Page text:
The synchronised global economic growth that began in 2018 appears to be running its course, according to NAB.
“All the major engines of growth in the global economy are now synchronised in an upward trajectory for the first time since the end of the global financial crisis,” EY global IPO leader Martin Steinbach noted in late December.
But according to the latest economic summary note by NAB senior economist Gerard Burg, this global growth rate may have reached its peak.
“Global growth was marginally softer in Q1, driven by a modest slowdown in the advanced economies,” Mr Burg wrote.
Growth in the major economies was 2.2 per cent year-on-year in the first quarter of 2018, a small drop from the 2.4 per cent growth in the last quarter of 2017.
“Although this slowdown was modest, it points to a divergence in conditions across countries, which over recent years have displayed relatively synchronised growth.”
Where growth in Italy, the UK and Japan had fallen in Q1, growth in the US had in contrast accelerated to nearly 3 per cent year-on-year, Mr Burg said.
“Early indicators of growth point to strong conditions in the second quarter, highlighting some upside potential to advanced economy growth in the short term.
“That said, as the impact of the fiscal stimulus from the large package of tax cuts at the start of this year fade, we expect growth to slow back towards potential as capacity constraints start to bite and monetary policy tightens,” he noted.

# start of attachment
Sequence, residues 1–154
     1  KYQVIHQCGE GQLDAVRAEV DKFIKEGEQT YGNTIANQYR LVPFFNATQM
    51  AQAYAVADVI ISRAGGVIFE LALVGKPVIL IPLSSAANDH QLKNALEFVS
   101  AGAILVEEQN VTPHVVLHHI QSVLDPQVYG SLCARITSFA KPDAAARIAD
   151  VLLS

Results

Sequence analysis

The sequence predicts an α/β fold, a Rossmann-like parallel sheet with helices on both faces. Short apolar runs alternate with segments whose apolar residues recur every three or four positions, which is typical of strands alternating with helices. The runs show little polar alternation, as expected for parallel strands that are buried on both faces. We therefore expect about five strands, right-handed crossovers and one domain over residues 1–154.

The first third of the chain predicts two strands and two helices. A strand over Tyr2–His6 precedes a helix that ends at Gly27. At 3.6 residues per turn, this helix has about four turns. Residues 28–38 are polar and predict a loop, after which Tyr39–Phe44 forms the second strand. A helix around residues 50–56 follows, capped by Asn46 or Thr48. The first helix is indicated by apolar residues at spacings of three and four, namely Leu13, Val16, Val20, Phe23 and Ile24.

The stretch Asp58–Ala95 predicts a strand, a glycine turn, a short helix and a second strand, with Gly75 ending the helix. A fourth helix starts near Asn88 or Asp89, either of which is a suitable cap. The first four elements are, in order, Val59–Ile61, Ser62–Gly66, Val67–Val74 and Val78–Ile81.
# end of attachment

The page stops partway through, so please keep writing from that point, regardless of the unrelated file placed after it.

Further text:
While economic growth in major emerging markets edged incrementally higher in Q1 to “almost 6 per cent year-on-year (from 5.75 per cent in Q4 2017)”, “mixed” underlying trends were at play.
While India continued to rebound with 7.75 per cent growth, China and Indonesia’s growth remained “relatively stable”, and Brazilian and Russian economic growth both dropped.
“While emerging market export volumes have remained comparatively strong (relative to the post-GFC period), growth appears to have slowed in March,” Mr Burg said.
“The risks associated with retaliatory trade actions in response to US trade policy fall more heavily on emerging markets (given the higher export share of GDP).”
Indeed, escalating trade tensions – particularly revolving around US’ tariffs – has led to an “uncertain” global trade environment.
“It appears that the current global upswing has peaked (or is near that point),” Mr Burg added.
“That said, despite signs, many short- and long-term interest rates have started to increase, or will do so over the forecast period”.
“Our forecasts still imply above trend growth in both 2018 and 2019 before easing back to the long-term average of 3.5 per cent in 2020.”